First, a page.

Friday, 20 August 2010

Passive Listening to Learn Languages??

Research published last year has revealed amazingly what many have always philosophised to be true...
The ground breaking research from Victoria University in New Zealand has revealed that listening to incomprehensible input, i.e. language that sounds like gibberish to you, can ameliorate your understanding of the foreign language over time, as new sound patterns are absorbed into the depths of the brain.

'However crazy it might sound, just listening to the language, even though you don't understand it, is critical,' study author Dr Paul Sulzberger said.

It seems obvious to many that our ability to learn and understand language will be improved by immersion to the sounds of the language that you are learning.

Babies, since birth are flooded by new sound patterns daily... by the time their required speech apparatus has developed they are all ready able to speak.

But can adults be language sponges akin to infants? The areas of the brain related to 2nd language acquisition the Wernicke's and Broca's area suffer from a phenomena called 'language plasticity,' where the brain's ability to adapt to new language learning for adults is stunted compared to children's because of lesser brain 'elasticity.'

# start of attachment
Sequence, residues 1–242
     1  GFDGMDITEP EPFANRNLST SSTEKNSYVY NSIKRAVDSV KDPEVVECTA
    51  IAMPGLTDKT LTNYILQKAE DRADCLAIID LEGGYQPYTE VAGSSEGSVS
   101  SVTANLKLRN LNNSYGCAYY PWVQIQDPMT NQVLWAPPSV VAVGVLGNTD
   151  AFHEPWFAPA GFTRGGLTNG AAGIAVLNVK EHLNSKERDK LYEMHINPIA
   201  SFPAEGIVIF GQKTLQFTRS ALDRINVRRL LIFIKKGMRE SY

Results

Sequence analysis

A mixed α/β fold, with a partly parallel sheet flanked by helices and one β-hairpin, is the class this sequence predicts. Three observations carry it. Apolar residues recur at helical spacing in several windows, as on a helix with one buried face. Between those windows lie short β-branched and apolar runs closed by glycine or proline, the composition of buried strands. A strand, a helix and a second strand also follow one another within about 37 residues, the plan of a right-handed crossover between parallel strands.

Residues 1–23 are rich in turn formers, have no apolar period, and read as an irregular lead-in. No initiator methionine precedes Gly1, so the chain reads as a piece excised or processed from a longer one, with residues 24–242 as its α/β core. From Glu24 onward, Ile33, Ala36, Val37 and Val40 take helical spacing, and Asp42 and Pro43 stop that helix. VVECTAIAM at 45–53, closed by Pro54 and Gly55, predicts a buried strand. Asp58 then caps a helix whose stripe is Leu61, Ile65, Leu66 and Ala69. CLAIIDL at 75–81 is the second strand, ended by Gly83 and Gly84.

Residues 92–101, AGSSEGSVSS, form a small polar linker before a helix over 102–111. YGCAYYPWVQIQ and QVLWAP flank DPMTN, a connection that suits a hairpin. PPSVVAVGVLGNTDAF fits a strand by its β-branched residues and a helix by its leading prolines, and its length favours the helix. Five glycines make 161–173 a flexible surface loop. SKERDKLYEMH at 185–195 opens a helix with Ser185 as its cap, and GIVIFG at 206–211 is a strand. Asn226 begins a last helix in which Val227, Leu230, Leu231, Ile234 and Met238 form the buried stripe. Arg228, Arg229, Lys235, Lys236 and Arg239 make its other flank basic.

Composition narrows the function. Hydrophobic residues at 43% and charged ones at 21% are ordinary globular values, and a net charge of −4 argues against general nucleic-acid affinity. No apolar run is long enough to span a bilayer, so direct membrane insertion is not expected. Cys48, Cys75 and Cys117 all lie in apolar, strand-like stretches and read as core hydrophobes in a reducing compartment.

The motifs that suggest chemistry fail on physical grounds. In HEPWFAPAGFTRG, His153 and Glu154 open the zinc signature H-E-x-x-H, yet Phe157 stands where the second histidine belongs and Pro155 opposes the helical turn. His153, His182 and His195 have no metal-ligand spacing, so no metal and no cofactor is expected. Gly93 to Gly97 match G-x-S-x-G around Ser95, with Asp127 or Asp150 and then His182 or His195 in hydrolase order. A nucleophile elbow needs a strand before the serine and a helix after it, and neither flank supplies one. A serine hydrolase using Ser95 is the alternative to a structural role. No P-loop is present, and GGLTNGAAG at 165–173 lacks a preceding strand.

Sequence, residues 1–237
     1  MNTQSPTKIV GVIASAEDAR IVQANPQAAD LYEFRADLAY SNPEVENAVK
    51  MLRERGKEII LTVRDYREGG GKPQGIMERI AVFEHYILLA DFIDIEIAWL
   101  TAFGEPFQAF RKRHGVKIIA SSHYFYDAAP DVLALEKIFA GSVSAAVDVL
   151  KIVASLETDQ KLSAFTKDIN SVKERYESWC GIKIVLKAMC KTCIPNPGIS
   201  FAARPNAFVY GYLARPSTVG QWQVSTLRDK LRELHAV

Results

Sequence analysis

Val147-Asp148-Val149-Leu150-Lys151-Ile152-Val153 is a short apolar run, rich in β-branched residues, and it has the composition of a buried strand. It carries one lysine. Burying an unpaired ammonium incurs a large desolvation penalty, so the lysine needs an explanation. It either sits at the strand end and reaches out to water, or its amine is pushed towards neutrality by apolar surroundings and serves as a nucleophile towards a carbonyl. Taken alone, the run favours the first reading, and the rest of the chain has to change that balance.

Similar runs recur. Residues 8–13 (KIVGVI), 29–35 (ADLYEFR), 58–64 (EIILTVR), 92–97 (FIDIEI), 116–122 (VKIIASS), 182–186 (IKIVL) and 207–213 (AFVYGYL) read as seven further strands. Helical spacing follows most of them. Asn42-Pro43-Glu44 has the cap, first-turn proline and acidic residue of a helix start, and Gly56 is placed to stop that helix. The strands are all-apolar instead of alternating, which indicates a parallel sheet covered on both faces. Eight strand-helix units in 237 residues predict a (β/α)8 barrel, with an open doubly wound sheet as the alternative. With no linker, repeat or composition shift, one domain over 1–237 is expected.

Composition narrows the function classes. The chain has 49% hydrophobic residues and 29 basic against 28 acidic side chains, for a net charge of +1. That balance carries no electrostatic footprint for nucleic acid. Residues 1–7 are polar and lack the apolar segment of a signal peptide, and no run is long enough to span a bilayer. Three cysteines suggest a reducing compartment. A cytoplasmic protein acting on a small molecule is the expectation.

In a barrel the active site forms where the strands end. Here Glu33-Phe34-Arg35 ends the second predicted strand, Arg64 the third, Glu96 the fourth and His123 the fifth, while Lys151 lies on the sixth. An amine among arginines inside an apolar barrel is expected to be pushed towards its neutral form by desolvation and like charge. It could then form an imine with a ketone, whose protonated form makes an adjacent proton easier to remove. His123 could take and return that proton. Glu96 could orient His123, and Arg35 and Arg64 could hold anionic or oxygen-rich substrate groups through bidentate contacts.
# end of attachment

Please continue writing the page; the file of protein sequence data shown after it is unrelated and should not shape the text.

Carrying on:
Researchers from University College London have proven before that language learning "boosts brain power" Their experiment's "scans revealed the density of the grey matter in the left inferior parietal cortex of the brain was greater in bilinguals than in those without a second language."

So, the many benefits of language learning for the brain have been well-established, i.e. a reduced rate of contracting dementia earlier in life. But one mustn't forget also the many personal benefits of language learning, a new perspective can be gained on political issues (see Stu Jay Raj's recent post,) new light can be thrown on how your native language works and how you can improve your work, among others.

So, my advice to you all would be to create an environment that stimulates your language learning, and stretches those synapses. What could be easier for a Spanish learner to greatly improve their capacity, than to say, allowing Spanish TV shows or radio stations play in the background when at home, doing chores, crosswords or while relaxing. Eventually, after enough exposure, you will begin to hear breaks between the initially unceasing waves of sound, you will be able to feel a distinct rhythm and cadence, and finally you may even begin recognising words or speech patterns. One can greatly expedite their language learning through enjoyment and being in a relaxed environment... this background babble seems to fit the bill neatly.

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